The mission is clear: to get the UAE to the 2022 World Cup.
Jorge Luis Pinto, the man assigned the task, is an intense 67-year-old Colombian who built his career from a follower to a World Cup hero through an unwavering devotion to football.
The new UAE manager landed in the UAE this week and will take the reins of a national team in fourth place in the Asian second qualifying round, behind Vietnam, but with one match in hand.
Trying to get the UAE to their second World Cup ever, Pinto will assess the needs and facilities, and then take the team to Austria for a training trip. The squad meet tonight in Al Ain for a six-day camp.
It is the fourth national team Pinto leads, and the first time he has taken an assignment outside of Latin America. His calling card: leading Costa Rica from Brazil 2014 World Cup underdogs to head a group including Italy, England and Uruguay. They only went out in the quarter-finals after a penalty shootout against the Netherlands.
Pinto's reputation may now be international, but the Emirates are new horizons for the Colombian from the Santander region.
"I imagine a modern country, where religion is important; a peaceful place, with commitment, discipline," he said just before arriving. "Everybody now knows about the Emirates and its great economy and culture. A leader in technology with a culture of winning.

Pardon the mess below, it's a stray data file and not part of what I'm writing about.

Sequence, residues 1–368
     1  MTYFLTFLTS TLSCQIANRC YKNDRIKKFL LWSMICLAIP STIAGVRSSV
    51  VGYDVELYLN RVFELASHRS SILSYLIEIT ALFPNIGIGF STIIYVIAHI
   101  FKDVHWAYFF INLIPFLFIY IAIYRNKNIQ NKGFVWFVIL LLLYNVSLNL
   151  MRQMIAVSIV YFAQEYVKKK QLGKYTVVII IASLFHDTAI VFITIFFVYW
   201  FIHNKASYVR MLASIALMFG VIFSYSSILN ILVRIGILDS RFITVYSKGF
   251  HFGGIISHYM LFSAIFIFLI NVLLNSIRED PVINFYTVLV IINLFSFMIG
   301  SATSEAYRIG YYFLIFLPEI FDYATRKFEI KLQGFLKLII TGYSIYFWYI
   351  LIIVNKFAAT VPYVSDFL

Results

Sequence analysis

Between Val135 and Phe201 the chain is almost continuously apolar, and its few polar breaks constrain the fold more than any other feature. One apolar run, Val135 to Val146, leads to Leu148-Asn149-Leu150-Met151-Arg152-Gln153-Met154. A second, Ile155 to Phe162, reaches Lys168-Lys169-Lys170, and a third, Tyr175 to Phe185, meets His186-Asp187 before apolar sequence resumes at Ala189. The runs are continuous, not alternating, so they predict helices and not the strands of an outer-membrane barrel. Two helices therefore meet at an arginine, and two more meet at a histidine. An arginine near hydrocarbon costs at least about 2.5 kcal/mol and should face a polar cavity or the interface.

"All they need is to take the next step in football, to be a protagonist, and show their quality on the world stage in football, make a mark and be seen around the world. I think they will see the results on the field, as I will."
During the pandemic, Pinto watched UAE's qualifying matches, adding, "I like what I see in the players. A technical team, that's missing a couple of details.
"One advantage is the players all play locally. They treat the ball well and I liked that. The [Gulf] is a different culture, a different country. But the tactical aspects of the game are the same, and allows me to dream of doing great work."
The man taking over The Whites is known as a strict disciplinarian with thorough preparation, who seeks to right the ship until reaching Qatar 2022. He takes over from Ivan Jovanovic, who was dismissed in April without taking charge of a match after being hired to replace Dutchman Bert van Marwik, "They will adapt quickly, as will I," he says.
"The [federation] have told me whatever I need will be provided. I told them we will undertake a scientific preparation, from physiology to methodology. As a coach I need to judge players well. Then, I have to prepare myself so we can prepare a team. And have leadership. But when players realise that their coach knows what he's doing, they progress. Some will like it, some won't."
After a triumphant return to Costa Rica in 2014, Pinto did not continue in his role, he says, because their federation did not live up to their agreement.
"After the World Cup draw, we talked about performance bonuses in Brazil 2014. I put numbers on paper, all the way to a World Cup final. They laughed then, but we were one penalty away from reaching the semis. So it wasn't unrealistic."
Among coaches, Pinto admired Rinus Michels of the Netherlands, Ukraine's Valeri Lobanovski, Ernst Happel of Austria and England's Bobby Robson. His mentors were Gabriel Ochoa Uribe of Colombia and Brazil's Ayrton Brandao.